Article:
Meir Becomes Prime Minister of Israel Summary

  • Last updated on November 10, 2022

Israel’s fourth prime minister and first woman prime minister, Golda Meir, took the reins of government in Israel.

Summary of Event

Golda Meir was born Golda Mabovitch in 1898 in Kiev, Ukraine. Her parents, Moshe Yitzhak and Blume, had met and married in Pinsk (Belarus), and they returned to that city when Meir was five. As Meir’s father could not find work in Pinsk, he emigrated to the United States, and three years later, in 1908, the remainder of the family joined him in Milwaukee, Wisconsin. When she was sixteen, Meir left her parents’ home to live with her sister in Denver, but she returned to finish her high school education, followed by a course of study at the Milwaukee Teacher’s Seminary. On December 24, 1917, she married Morris Meyerson, and in 1918, she was chosen to serve as one of the delegates to the American Jewish Congress in Philadelphia. The couple had already decided to emigrate to Palestine (as the region including Israel was then known), and after a three-year sojourn on Kibbutz Merhavia, in 1924 Meir and her husband moved to Tel Aviv and then to Jerusalem, where their two children, Menachem and Sarah, were born. Israel;Golda Meir administration[Meir administration] Women;politicians [kw]Meir Becomes Prime Minister of Israel (Mar. 17, 1969) [kw]Prime Minister of Israel, Meir Becomes (Mar. 17, 1969) [kw]Israel, Meir Becomes Prime Minister of (Mar. 17, 1969) Israel;Golda Meir administration[Meir administration] Women;politicians [g]Middle East;Mar. 17, 1969: Meir Becomes Prime Minister of Israel[10230] [g]Israel;Mar. 17, 1969: Meir Becomes Prime Minister of Israel[10230] [c]Government and politics;Mar. 17, 1969: Meir Becomes Prime Minister of Israel[10230] Meir, Golda Eshkol, Levi Ben-Gurion, David Nasser, Gamal Abdel [p]Nasser, Gamal Abdel;and Golda Meir[Meir] Weizmann, Chaim Dayan, Moshe Allon, Yigal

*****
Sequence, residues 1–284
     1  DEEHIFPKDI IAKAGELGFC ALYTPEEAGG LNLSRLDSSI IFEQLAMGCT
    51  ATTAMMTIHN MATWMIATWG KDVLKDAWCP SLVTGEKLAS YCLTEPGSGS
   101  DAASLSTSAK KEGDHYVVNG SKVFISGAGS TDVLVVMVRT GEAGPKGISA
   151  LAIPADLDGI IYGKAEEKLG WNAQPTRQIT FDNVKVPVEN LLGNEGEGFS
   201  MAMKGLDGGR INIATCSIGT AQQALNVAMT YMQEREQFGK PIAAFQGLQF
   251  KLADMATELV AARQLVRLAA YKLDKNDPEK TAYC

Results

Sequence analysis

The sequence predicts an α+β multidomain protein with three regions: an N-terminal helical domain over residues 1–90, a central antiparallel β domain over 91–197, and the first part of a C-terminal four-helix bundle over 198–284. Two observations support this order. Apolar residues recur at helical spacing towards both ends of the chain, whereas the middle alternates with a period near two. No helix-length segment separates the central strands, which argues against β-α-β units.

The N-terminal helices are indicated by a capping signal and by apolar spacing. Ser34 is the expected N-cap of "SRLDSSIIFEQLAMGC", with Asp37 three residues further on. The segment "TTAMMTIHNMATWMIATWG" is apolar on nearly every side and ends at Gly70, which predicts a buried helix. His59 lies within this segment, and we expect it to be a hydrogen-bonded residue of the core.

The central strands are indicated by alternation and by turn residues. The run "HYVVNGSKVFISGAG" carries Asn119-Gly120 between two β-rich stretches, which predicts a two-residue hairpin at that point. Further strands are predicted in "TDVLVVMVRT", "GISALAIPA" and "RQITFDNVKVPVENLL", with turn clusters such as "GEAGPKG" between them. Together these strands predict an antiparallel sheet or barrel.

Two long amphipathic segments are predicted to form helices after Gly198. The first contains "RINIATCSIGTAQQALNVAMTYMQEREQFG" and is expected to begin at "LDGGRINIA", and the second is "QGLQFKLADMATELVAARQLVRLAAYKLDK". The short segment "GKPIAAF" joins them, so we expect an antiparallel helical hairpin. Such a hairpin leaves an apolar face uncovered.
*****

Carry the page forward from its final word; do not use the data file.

In 1928, Meir took a position as the secretary of the Women’s Labor Council in the Histadrut (General Federation of Jewish Labor). In 1946, she became acting leader of the Jewish Agency’s Political Department when many of her colleagues were arrested by British authorities. In 1947, the United Nations voted for an independent Jewish state, and Meir became the only woman to sign Israel’s Declaration of Independence.

In 1948, she returned once more to the United States, where she raised $75 million in a few weeks for the state of Israel; she was to raise hundreds of millions of dollars over the course of her career. While in the United States, Meir learned that David Ben-Gurion had named her the Israeli ambassador to Russia. In 1956, she became Israel’s foreign minister, a post she held for the next nine years. At this time she also Hebraized her name from Meyerson to Meir.